Professional Pot Stirrer
pilot
How much is it costing you guys per month to fly/maintain an RV ?
$160 hanger
$3.xx per gallon for gas. I burn anywhere between 7-10 gallons an hour
$7.00 quart of oil. I have only burned a 1/2 quart in 20 hours.
$877.00 a year for insurance
No maintenance issues so no idea.

Lycoming IO360 B1B 204.0 on the Hobbs as of today.
 
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FrankTheTank

Professional Pot Stirrer
pilot
Got out solo today (was hot) but been working all week so wanted to burn some dead dinosaurs. Quick over fly of my house and then about 20 minutes of aerobatics

Was gonna attach a selfie but kept inserting sideways.
 

Jim123

DD-214 in hand and I'm gonna party like it's 1998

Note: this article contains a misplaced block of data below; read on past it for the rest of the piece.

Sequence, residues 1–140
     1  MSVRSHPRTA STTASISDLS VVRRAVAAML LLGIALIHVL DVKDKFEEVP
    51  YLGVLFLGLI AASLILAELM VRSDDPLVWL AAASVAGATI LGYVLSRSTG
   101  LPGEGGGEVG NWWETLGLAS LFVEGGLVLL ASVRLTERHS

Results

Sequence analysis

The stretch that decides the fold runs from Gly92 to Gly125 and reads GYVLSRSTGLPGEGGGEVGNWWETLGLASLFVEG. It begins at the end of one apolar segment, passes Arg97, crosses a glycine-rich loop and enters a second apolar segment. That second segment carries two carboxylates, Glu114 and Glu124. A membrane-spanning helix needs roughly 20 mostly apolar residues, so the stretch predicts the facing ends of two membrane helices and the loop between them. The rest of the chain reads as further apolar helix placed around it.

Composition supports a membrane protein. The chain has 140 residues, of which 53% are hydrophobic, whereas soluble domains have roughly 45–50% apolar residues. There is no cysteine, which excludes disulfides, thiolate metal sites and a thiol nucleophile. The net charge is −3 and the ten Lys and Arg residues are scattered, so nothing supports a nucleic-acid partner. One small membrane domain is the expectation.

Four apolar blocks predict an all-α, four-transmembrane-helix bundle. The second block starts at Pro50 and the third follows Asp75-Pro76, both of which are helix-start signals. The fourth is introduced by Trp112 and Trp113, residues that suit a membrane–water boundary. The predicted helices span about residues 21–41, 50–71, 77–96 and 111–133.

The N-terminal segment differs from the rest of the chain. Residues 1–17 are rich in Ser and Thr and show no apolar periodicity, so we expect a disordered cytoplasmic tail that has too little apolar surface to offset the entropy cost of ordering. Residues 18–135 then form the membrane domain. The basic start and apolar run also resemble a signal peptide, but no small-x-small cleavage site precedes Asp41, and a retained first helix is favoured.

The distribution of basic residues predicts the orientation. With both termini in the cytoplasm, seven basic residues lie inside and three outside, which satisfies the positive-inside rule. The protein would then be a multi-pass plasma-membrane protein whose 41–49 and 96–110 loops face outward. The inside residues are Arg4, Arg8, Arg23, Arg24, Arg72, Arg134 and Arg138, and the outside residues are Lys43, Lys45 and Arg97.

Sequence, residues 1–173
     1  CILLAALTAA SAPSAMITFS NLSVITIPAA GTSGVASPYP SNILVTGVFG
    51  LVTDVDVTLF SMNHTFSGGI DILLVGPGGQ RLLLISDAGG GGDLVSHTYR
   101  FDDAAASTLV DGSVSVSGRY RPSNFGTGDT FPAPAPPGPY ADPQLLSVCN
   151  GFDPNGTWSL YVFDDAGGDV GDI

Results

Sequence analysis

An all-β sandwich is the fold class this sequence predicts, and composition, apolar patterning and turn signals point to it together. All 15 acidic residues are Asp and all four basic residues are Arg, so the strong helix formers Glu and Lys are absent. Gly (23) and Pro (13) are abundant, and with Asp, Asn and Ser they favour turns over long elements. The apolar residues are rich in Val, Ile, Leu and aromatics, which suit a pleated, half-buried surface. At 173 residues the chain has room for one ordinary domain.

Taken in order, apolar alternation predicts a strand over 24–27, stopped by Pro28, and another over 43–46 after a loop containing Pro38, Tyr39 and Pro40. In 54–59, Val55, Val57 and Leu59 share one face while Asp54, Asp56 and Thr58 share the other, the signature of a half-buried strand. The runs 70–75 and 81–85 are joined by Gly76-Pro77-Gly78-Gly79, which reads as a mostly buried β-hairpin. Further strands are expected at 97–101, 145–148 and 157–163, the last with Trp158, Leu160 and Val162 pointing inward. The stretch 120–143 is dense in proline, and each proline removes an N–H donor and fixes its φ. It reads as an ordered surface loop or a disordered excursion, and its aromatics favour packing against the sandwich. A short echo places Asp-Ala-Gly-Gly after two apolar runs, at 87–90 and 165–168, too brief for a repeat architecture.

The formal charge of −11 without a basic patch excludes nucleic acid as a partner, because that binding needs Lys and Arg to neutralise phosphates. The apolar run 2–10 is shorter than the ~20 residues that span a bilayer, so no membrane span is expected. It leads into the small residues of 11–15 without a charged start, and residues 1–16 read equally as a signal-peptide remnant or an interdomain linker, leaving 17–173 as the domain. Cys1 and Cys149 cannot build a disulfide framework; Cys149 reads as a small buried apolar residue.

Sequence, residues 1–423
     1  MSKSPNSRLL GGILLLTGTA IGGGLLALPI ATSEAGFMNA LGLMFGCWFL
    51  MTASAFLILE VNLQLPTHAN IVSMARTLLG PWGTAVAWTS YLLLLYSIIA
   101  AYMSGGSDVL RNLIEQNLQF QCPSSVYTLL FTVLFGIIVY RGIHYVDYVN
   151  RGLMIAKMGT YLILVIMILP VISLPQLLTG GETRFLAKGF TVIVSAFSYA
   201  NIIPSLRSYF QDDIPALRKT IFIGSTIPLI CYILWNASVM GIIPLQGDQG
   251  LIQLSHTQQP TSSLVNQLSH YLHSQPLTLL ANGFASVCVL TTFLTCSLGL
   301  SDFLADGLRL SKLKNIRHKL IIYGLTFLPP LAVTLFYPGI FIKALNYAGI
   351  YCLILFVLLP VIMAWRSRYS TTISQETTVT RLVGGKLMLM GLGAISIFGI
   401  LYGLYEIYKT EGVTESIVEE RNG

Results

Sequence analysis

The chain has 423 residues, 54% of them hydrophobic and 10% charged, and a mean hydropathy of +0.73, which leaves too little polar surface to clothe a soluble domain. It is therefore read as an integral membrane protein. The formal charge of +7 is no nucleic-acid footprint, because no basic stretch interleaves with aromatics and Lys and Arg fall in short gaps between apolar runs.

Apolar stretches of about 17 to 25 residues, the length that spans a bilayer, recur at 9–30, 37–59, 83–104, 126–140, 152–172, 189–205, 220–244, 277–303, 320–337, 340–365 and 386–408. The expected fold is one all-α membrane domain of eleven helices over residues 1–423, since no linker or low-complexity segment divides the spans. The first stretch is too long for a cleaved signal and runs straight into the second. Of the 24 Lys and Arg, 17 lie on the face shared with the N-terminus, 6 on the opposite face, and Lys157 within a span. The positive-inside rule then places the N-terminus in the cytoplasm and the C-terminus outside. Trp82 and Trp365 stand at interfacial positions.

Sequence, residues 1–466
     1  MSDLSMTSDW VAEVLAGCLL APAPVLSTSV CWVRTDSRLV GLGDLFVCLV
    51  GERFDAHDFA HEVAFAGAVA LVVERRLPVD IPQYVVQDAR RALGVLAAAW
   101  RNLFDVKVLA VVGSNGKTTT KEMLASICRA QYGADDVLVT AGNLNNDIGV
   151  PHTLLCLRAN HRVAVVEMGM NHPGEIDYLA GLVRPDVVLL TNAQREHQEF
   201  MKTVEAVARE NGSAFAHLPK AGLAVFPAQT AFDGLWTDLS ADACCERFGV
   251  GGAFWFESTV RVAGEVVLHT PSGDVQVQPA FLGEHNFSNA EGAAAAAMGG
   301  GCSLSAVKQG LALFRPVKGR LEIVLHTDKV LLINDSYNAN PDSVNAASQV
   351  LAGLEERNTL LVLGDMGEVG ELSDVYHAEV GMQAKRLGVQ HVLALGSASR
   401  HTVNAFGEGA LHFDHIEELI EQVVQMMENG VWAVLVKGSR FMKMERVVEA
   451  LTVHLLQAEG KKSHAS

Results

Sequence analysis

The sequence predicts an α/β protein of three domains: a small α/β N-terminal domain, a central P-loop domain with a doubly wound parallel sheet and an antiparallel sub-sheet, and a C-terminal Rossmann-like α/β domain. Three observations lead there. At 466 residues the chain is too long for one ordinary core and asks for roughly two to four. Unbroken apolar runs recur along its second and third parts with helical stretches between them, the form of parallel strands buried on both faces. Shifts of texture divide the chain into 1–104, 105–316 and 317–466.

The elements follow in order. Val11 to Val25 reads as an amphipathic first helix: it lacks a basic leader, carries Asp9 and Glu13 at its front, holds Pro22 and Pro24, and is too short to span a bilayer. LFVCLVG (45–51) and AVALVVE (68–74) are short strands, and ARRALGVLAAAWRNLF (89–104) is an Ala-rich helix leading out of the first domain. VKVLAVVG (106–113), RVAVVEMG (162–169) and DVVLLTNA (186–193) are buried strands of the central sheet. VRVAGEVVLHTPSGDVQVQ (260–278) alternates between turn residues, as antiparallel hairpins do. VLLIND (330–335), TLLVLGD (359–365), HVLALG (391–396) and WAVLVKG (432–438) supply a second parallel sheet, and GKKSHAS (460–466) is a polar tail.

pilot
Is that similar to what this video is talking about?
Yes, similar, but suffice to say he's a salesman for his product- in particular training for the "loss of thrust on takeoff" scenario and how it can lead to what's called a departure stall (departure meaning departure from an airport in the phase of flight sense, not departure from controlled flight in the stick-and-rudder sense and aerodynamics). It's something he's passionate about. He tends to be outspoken too; often after a small plane crash, he'll volunteer his opinion about pilot training and stall-spin accidents.
 

Griz882

Livin' On the Right Side of the River From Pags!
pilot
Contributor
Got out solo today (was hot) but been working all week so wanted to burn some dead dinosaurs. Quick over fly of my house and then about 20 minutes of aerobatics

Was gonna attach a selfie but kept inserting sideways.
I hope to get out tomorrow morning. I’ll head east to the coast and maybe land at Accomack Country just south of Wallop’s Flight Facility. I’ll get some pictures if I see anything worth it.
 

wink

VS NFO. Blue and Gold Officer
None
Super Moderator
Contributor